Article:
Residents in the smoky shadow of the Klamathon fire have been living with a combination of uncertainty and dread ever since the blaze took off Thursday in northern California and began its march north toward the Oregon border.
“It was a nightmare Thursday and Friday,” said Renee Mollan-Masters, who lives on Old Highway 99, just below Callahan’s Restaurant. “We were so scared. Ashes, leaves, chunks of wood on fire were all coming down like rain “It’s so much better now, but I put a plan in my head about what to take if they give us Level 3 (‘Go’) evacuation. Right now, we’re sitting and we’re waiting.”
The Colestin Valley, some 23 miles south of Ashland, was under under a Level 3 mandatory evacuation until Monday evening, but Steve Avgeris, chief of Colestin Rural Fire Department estimated 60 percent of valley residents ignored the order.
“People are very independent down here,” said Avgeris. “I hope that works for them. Until the fire is out, anything can go wrong at any time. It makes you real nervous, especially if we have to bring fire equipment in and people are trying to get out on this one lane road with lots of curves and only two ways out.”
However, Avgeris said, the situation has greatly improved since Saturday.
“... We’re very optimistic,” he said. “They’ve got a fire line all the way around it and are mopping up, but they expect erratic winds (late Monday).”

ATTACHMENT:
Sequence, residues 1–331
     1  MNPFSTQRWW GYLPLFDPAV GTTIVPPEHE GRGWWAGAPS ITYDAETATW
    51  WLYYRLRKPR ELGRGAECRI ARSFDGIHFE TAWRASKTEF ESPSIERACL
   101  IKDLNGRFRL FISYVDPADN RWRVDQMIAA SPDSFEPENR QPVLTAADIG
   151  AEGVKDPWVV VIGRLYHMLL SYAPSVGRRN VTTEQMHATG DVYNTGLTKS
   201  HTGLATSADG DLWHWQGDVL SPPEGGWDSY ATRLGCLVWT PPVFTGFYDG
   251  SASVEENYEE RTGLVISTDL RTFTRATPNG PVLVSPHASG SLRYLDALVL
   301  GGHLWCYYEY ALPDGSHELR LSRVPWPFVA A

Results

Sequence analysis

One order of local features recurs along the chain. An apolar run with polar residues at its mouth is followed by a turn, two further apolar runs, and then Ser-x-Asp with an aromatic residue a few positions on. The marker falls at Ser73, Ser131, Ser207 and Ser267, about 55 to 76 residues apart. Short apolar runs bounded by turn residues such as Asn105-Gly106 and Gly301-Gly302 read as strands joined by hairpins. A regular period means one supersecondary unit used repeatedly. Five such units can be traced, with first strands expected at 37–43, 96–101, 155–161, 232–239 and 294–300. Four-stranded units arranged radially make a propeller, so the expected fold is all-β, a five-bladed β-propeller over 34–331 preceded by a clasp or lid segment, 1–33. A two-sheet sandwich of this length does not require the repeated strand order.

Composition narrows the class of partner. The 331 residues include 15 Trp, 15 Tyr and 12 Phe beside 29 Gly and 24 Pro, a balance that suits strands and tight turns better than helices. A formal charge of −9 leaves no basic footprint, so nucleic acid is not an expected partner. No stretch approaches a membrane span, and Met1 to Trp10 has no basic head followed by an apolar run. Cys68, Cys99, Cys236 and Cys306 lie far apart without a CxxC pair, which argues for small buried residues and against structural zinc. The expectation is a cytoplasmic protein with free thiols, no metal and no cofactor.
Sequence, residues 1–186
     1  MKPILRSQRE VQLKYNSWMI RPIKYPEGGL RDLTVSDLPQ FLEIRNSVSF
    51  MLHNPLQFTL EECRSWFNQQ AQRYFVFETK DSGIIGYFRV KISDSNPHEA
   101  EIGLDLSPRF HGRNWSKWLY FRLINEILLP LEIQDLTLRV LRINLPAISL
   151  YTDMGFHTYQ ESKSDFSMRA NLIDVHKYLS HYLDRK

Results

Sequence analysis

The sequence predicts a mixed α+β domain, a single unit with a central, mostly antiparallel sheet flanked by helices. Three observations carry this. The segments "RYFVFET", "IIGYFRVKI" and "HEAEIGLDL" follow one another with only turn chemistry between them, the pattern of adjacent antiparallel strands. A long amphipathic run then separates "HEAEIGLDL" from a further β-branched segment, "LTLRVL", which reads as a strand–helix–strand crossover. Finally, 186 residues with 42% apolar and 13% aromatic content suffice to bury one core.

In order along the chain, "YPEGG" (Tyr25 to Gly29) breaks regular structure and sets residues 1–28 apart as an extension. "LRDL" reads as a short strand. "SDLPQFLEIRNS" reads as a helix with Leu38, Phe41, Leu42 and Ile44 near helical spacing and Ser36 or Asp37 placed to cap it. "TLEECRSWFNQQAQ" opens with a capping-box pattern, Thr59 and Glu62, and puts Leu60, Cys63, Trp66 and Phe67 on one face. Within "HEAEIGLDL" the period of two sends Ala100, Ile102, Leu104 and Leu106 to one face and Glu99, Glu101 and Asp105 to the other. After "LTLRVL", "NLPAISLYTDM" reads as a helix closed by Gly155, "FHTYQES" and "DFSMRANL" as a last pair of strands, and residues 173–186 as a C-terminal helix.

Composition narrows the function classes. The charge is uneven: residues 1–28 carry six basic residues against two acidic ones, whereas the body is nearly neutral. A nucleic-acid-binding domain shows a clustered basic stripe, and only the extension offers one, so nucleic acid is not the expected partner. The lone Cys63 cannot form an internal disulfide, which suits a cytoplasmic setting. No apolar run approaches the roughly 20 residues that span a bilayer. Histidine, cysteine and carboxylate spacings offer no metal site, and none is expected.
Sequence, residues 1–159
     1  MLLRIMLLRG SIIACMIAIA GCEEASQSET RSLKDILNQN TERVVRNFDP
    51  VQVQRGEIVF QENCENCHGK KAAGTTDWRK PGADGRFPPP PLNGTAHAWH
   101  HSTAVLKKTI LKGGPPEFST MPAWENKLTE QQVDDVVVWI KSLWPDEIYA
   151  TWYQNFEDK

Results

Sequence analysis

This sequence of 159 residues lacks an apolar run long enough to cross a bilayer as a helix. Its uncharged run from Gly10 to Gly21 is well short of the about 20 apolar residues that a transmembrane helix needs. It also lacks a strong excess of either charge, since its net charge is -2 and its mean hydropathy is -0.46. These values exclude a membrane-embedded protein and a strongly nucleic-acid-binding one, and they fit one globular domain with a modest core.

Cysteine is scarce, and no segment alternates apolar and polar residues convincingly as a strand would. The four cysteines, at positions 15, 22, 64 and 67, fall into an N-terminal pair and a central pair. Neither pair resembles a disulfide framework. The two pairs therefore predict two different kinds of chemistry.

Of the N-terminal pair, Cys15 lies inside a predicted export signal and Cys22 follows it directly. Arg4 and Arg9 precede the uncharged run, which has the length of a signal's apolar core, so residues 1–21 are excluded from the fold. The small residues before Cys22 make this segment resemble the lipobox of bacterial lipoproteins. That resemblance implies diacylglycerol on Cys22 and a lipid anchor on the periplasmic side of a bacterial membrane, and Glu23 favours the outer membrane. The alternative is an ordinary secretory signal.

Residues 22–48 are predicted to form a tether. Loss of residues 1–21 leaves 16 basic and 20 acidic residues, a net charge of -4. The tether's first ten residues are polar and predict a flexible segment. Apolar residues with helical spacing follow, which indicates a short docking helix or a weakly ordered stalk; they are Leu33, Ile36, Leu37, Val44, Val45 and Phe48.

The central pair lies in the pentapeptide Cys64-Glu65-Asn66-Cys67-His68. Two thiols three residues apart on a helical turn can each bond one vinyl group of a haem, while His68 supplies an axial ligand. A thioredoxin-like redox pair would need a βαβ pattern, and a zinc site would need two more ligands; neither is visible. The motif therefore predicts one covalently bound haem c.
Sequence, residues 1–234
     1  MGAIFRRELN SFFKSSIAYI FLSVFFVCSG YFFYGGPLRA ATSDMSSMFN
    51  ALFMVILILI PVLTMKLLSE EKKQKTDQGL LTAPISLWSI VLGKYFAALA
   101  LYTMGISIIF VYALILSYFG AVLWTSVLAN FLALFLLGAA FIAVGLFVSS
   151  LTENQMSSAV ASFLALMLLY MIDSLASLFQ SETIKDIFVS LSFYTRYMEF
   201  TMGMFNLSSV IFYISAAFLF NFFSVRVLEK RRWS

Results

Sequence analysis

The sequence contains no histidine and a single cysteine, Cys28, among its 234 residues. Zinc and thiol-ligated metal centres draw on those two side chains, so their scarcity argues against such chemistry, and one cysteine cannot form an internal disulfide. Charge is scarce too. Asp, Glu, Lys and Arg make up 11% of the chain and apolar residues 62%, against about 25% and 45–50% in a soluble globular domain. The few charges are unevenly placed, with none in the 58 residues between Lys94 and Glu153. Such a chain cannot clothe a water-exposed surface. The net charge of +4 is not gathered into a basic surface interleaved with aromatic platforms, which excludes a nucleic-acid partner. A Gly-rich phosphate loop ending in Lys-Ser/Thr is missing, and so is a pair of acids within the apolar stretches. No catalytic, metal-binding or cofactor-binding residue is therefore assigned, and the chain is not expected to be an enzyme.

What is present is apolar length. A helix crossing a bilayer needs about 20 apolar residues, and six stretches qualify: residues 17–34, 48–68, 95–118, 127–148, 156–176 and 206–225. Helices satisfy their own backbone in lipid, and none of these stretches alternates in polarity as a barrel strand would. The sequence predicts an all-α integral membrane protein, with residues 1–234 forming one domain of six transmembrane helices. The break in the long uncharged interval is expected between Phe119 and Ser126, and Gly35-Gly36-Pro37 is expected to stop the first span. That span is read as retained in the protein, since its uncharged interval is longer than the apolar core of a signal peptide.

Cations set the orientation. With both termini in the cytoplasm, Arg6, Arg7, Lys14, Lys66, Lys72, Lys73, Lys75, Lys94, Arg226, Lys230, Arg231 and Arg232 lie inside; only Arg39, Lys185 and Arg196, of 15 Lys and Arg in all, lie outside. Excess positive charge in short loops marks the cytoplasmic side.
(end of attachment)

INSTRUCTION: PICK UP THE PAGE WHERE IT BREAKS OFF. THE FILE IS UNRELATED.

Colestin resident Tod Davies had multiple reasons for concern as the fire blew up.
“I was running on adrenaline when our dog Pearl and I evacuated,” Davies said. “I was mainly worried about my husband (Alex Cox) who stayed behind to help defend the valley. I didn’t get much sleep that night, but hung out with another neighbor, whose husband was also fighting the fire.”
Residents of the Greensprings area on Highway 66 were also in nail-biting mode early on, but northwest winds predicted for Monday afternoon arrived and blew the smoke away, said artist-naturalist Deb Van Poolen, who lives on private land within the Cascade-Siskiyou National Monument, 22 miles east of Ashland. On Friday, she put her valued artwork in her car and made a dash for it, banging up some of it.
“I recognized how I take things for granted,” she said. “It’s been an interesting roller-coaster of emotion. They said fire won’t come north into the monument, then maybe it will. There’s just no end to being cautious until the fire is out. Then you look at the high temperatures coming later this week and it’s very concerning. But I’m feeling relaxed now. I lived here in the early ’90s and never went through anything like this. It’s a reality check about what’s going on now, compared to 25 years ago.”
Highway 66 is on the northern edge of a Level 2 (get ready) evacuation.
Summer crews were busy at the Mt. Ashland Ski Area, which is not under mandatory evacuation, but General Manager Hiram Towle said they’ve laid out hose, have sprinklers going and are keeping a sharp eye on the plumes of smoke, which are five to eight miles away.